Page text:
Understanding What’s Really In Your Energy Drinks

 Energy drink companies love to hype up their drinks with exotic sounding ingredients that claim to be the necessary ingredient to boost your energy levels. These ingredients sound natural and therefore safe.  Most of these ingredients don’t really do anything to raise your energy, but they sure sound cool.

Many of these ingredients are not controlled and the long term effects are not known.  Since most of these ingredients are used commonly, many people are unfamiliar with how to tell if the amount of stimulant is high or low.

Caffeine, Lots and Lots of Caffeine
Energy drinks do possess one ingredient we are all familiar with, caffeine. Caffeine is found in coffee and soda, but is nowhere near the levels found in an energy drink.

In general a safe amount of caffeine should be limited to around two to three hundred milligrams per day. A can of regular Monster contains a hundred and sixty milligrams, a can of the energy drink Cocaine contains two hundred and eighty milligrams of caffeine. Large doses of caffeine can dehydrate a person.

B Vitamins
This ingredient has to be healthy right? I mean it’s a letter followed by vitamin, it’s gotta be good for me. B vitamins help you break down food and convert it into energy. No one really knows if these help you actually energize you.

What we do know about vitamin B6 and B12 is don’t absorb well as a liquid and it is not an effective oral stimulant.

Another popular ingredient, it’s similar in pronunciation to Taurus and put the bull in red bull. Taurine is an amino acid that can help regulate energy levels. That sounds pretty good right? The thing is, your body already makes enough Taurine, so your adding more for no reason.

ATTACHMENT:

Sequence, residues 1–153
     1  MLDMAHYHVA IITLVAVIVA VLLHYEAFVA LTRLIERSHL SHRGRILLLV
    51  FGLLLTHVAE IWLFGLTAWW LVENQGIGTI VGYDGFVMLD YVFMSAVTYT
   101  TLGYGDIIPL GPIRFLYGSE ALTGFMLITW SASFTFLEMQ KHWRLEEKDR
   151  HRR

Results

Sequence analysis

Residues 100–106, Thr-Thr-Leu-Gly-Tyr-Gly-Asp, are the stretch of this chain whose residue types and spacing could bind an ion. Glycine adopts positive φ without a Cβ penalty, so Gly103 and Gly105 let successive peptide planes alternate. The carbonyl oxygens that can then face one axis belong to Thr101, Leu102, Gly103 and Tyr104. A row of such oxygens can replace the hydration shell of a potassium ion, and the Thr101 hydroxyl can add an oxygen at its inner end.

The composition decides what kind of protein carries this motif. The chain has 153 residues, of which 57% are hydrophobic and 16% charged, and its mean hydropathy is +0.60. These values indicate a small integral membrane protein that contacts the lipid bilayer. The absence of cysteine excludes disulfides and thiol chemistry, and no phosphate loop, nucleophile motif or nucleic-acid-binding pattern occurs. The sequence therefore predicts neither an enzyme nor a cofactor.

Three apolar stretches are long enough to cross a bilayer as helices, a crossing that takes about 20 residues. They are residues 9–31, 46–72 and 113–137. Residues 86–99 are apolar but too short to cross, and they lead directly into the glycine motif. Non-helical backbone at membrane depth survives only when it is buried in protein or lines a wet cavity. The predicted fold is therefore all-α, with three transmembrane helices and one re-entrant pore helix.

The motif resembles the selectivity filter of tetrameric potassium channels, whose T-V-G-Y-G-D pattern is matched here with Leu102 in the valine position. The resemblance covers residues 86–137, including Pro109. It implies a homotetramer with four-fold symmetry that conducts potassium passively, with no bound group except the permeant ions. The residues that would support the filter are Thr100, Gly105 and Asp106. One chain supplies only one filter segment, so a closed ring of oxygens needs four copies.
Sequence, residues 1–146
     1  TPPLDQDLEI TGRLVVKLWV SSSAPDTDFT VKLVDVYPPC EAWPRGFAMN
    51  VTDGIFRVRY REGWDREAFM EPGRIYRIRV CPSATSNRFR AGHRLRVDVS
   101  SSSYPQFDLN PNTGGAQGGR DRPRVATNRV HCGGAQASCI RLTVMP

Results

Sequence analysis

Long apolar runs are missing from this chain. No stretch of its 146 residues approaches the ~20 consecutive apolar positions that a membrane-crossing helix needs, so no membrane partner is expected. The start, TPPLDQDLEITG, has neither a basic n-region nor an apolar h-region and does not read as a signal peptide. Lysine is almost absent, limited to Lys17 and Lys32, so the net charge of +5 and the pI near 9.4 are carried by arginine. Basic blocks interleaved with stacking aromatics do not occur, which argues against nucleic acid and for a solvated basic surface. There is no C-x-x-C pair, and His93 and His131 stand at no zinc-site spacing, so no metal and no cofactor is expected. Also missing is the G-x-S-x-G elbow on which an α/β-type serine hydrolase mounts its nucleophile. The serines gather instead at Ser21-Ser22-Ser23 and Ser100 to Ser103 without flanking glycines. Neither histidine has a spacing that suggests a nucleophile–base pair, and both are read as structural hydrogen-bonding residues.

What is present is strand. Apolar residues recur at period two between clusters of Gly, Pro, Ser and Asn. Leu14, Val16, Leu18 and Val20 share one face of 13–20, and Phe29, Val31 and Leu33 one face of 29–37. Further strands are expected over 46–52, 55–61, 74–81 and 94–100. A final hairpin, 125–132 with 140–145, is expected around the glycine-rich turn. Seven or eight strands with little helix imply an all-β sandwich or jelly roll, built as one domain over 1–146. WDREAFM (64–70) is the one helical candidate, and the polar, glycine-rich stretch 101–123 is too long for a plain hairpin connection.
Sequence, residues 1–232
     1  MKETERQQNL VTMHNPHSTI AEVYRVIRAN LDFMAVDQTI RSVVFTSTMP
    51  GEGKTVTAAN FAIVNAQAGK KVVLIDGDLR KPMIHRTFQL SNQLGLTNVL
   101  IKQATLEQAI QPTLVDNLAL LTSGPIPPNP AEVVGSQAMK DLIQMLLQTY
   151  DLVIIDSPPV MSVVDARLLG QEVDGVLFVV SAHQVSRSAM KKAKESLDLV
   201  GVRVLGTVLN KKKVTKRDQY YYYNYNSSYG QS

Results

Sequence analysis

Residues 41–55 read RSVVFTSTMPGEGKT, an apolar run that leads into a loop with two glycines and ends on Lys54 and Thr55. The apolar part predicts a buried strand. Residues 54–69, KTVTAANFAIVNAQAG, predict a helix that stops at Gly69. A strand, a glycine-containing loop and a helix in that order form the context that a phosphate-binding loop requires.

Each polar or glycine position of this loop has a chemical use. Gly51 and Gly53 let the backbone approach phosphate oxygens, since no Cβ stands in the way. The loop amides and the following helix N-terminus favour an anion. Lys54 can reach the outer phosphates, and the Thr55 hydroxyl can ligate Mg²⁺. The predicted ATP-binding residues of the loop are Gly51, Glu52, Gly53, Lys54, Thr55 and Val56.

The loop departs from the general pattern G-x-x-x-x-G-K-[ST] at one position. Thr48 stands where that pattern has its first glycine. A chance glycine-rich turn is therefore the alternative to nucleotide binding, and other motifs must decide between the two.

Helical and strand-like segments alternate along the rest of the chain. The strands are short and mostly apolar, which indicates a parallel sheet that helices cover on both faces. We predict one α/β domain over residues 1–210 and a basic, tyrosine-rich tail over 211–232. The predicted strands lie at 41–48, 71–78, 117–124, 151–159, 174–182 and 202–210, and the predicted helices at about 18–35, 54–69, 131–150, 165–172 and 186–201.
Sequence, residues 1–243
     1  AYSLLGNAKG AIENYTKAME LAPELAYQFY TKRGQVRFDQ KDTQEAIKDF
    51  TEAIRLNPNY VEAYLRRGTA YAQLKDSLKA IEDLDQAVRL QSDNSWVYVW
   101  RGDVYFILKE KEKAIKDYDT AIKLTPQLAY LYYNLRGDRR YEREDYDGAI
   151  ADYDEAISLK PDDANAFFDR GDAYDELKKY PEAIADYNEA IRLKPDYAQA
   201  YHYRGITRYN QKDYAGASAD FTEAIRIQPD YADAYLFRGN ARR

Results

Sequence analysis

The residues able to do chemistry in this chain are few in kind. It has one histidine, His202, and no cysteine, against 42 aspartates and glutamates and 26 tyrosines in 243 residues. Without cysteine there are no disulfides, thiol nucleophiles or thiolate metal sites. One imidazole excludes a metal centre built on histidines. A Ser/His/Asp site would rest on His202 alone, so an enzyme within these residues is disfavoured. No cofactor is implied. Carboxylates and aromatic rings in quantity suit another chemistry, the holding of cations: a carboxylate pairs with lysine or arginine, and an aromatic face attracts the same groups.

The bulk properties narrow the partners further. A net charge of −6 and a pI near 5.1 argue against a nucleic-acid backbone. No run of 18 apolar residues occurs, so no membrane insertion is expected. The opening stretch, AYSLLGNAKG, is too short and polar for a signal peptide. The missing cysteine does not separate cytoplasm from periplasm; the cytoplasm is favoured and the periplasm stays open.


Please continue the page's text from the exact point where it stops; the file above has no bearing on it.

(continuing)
No one knows the long term effects of adding additional taurine to your body. The fact remains why should you add more taurine, when your body produces enough of it.

We all know what happens when sugar and a little kid is mixed together, basically a tiny tornado. Something similar may happen to you when you ingest mass amounts of sugar, maybe not a tornado but you feel that rush of energy.

It goes without saying energy drinks contain tons and tons of sugar. Sugar is necessary in your diet, and can be a good source of carbs. Too much sugar can cause weight gain, and has been linked to diabetes. Sugar also has a nasty crash afterwards.

Energy drinks love to show off their ‘natural’ ingredients. In reality some of these drinks contain some natural ingredients, but most of the time they are in such small doses they do nothing for you. Look for all natural energy supplements, supplements that don’t rely of sugar and caffeine to give you a boost.

Fred C. wrote this article on behalf of new Energy Supplement E Fact Energy. Check them out for contests!


Author: Editor

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